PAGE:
Potassium nitrate is a compound whose use, at 90% purity, in 75% of cases is as a fertiliser. It is also known as potassium nitrate, potassium nitrate, potassium nitrate and has the chemical formula KNO3. As a plant fertiliser it is responsible for supplying nitrogen to plants, one of the main nutrients. It is a loose crystalline powder that dissolves quickly in water without leaving a residue. It can be applied using any fertigation system. The nitric nitrogen and potassium it provides promote plant development and crop quality respectively.
IDENTIFICATION AND PROPERTIES
Name: Potassium nitrate
Synonyms: Potassium nitrate, Potassium nitrate, Saltpetre
Chemical formula: KNO3
- Physical state : solid (Crystalline solid) Colour : White Odour : Odourless.
- pH : 6 - 9 [Conc. (% w/w): 50 g/l].
- Melting point/freezing point: 335 °C.
- Initial boiling point and boiling range: Decomposition temperature: > 600 °C.
- Flammability (solid, gas) : Non-flammable.
- Density : 2,1 g/cm3 @ 20 °C.
- Oxidising properties : Oxidising.
- Solubility in water : 320 g/l @ 20 °C.
- INDUSTRIAL USE for preparing chemical mixtures
- Professional preparation of fertiliser products
- Professional use as on-farm fertiliser: loading and spreading.
- Professional use as fertiliser in greenhouses
- Professional use as liquid fertiliser in open fields
- Professional use as fertiliser: maintenance of the equipment
KNO3 FOR PLANTS
Under the tab potassium nitrate for plants you can read more detailed information about potassium nitrate for plants.
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FERTILISERS ACCORDING TO THE CROP.
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USES OF POTASSIUM NITRATE
Industrial use for the preparation of chemical mixtures.
Professional preparation of fertiliser products.
Professional use as on-farm fertiliser: loading and spreading.
Professional use as fertiliser in greenhouses.
Professional use as liquid fertiliser in the open field (e.g. fertigation).
Professional use as fertiliser: maintenance of the equipment.
POTASSIUM NITRATE FERTILISER
Potassium nitrate is a loose crystalline powder that dissolves quickly in water without leaving a residue. It can be applied using any fertigation system. The nitrate nitrogen and potassium it provides promote the development of the plant and the quality of the crop respectively.
Other advantages are that it is free of chlorine, sodium and heavy metals and can be mixed with all other soluble fertilisers.
Nitric nitrogen is directly and completely (unlike other forms of nitrogen) available to the plant after application, thus achieving a rapid and calculated effect on the plant's development. A further effect of nitrate nitrogen is synergistic, as it promotes the uptake of cations such as potassium, calcium and magnesium. Potassium affects the appearance of the fruit, its colour and sugar content, so it is very important for higher quality crops. Potassium increases the thickness of the cell walls, protecting the plant against pests and diseases, as well as frost and drought. It also stimulates the growth of strong stems and the durability of fruits after harvest.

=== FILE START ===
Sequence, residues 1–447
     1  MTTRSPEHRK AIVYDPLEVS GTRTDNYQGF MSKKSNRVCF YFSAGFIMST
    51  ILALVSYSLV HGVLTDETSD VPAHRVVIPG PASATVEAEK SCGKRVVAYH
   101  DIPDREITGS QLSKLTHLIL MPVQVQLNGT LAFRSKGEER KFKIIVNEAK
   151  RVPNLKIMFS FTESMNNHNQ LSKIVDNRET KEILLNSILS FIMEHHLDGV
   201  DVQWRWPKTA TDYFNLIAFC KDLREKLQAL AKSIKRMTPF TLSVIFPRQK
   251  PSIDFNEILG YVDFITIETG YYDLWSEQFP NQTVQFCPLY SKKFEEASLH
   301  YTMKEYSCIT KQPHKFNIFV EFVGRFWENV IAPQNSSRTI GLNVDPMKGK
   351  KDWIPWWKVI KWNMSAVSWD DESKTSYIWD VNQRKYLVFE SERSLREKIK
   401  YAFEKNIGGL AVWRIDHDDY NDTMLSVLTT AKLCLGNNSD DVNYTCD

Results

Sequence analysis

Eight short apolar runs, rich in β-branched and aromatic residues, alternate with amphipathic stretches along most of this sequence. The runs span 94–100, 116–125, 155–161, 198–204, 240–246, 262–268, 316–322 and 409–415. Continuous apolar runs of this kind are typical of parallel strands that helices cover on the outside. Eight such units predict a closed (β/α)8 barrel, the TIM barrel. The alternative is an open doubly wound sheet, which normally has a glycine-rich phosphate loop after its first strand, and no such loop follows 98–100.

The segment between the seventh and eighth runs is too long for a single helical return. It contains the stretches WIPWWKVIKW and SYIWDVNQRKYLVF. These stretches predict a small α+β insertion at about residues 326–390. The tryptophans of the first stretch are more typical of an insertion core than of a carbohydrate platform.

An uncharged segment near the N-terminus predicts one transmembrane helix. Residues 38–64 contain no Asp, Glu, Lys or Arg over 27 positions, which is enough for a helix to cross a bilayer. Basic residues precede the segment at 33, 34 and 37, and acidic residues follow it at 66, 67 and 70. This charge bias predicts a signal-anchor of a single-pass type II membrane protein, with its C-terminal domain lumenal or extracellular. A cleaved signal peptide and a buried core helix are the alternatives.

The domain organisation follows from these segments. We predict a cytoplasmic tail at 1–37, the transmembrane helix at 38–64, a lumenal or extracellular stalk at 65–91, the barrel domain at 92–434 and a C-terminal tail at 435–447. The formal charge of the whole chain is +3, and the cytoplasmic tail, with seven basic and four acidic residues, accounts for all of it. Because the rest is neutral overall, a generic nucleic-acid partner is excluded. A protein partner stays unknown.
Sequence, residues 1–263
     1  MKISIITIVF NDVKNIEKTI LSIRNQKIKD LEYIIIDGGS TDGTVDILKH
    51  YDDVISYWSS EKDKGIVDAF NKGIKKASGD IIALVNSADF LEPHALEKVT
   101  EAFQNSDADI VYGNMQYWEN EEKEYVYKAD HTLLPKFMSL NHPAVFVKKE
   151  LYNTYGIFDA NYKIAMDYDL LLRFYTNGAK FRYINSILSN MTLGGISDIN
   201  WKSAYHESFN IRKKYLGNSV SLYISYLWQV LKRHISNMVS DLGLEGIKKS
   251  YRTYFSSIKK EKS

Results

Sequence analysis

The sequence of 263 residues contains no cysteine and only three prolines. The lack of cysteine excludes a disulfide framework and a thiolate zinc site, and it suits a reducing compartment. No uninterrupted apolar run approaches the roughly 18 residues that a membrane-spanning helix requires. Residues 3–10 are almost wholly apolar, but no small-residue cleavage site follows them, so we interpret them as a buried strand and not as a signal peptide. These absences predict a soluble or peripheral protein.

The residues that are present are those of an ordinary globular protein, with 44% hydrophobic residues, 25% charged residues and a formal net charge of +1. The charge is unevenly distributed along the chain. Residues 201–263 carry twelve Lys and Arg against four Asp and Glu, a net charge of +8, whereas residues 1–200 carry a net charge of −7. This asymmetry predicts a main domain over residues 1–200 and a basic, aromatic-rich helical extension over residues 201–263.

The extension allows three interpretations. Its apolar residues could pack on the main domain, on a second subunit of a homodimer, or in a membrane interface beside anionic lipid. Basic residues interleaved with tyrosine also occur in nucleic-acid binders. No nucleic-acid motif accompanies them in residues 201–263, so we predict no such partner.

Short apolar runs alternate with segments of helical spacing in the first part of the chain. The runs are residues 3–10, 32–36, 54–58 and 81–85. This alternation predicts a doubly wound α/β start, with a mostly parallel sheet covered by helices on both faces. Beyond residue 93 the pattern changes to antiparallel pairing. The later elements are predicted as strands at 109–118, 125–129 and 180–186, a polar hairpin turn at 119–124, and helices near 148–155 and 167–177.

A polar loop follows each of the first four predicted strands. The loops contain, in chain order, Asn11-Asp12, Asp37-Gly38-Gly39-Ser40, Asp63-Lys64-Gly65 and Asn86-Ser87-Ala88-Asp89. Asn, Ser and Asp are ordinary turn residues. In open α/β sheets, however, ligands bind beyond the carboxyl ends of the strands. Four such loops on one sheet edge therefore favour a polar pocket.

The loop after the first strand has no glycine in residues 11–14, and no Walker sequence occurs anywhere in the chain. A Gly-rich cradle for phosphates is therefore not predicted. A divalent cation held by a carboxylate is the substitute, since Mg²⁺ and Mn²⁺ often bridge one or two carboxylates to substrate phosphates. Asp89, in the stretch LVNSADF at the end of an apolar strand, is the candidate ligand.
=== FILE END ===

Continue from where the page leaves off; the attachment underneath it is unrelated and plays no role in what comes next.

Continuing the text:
Nitrogen is one of the 12 nutrients that plants need for proper growth. It is one of the 12 macronutrients for plants.
How nitrogen deficiency affects
Its deficiency is noticeable in the older leaves, that is to say, in the lower leaves, as they will be lighter than pale green, turning light green and then yellowish up to the veins. This process is known as chlorosis, which is caused by a lack of nitrogen.
The lack of azoe, as it is also known, is the element that makes the foliage weak and sparse, and causes the lower leaves to start to fall off. Thus, after a deficiency of Nitrogen for Plants, there will be poor flowering, stunted and yellowish appearance.
How to supply nitrogen to plants
One of the most traditional ways is to apply nitrogen fertilisers, such as harmonic nitrate, Calcium nitrate y potassium nitrate. Organic fertilisers such as worm castings, manure, compost, worm castings and mulch provide nitrogen for plants as they decompose.
Ideally, the plants should be fertilised at least annually with one of these products. Leguminous plants provide nitrogen to the soil through their ability to fix nitrogen via a rhizobium symbiosis, and cruciferous plants, which are rich in potassium.
What happens if there is an excessive supply of nitrogen?
Did you know that excess nitrogen is harmful? If there is an excess of nitrogen there will be an exaggerated growth of the plant with an intense green colour, forming weak plants with tender tissues; therefore they are more prone to pests, diseases, weak to rain, hail and frost.
The above process makes the plants more sensitive to mites, with scarce flowering, excess leaves and few flowers. You can even observe that the excess nitrogen will generate incomplete flowers, without stamens or pistils; the same will happen with their fruits, which will have an abnormal colour, appearing gummosis in fruit trees and gum exudation from branches.
Plant nutrition must not be neglected in order to obtain excellent results in the cultivation and harvesting of fruit trees.
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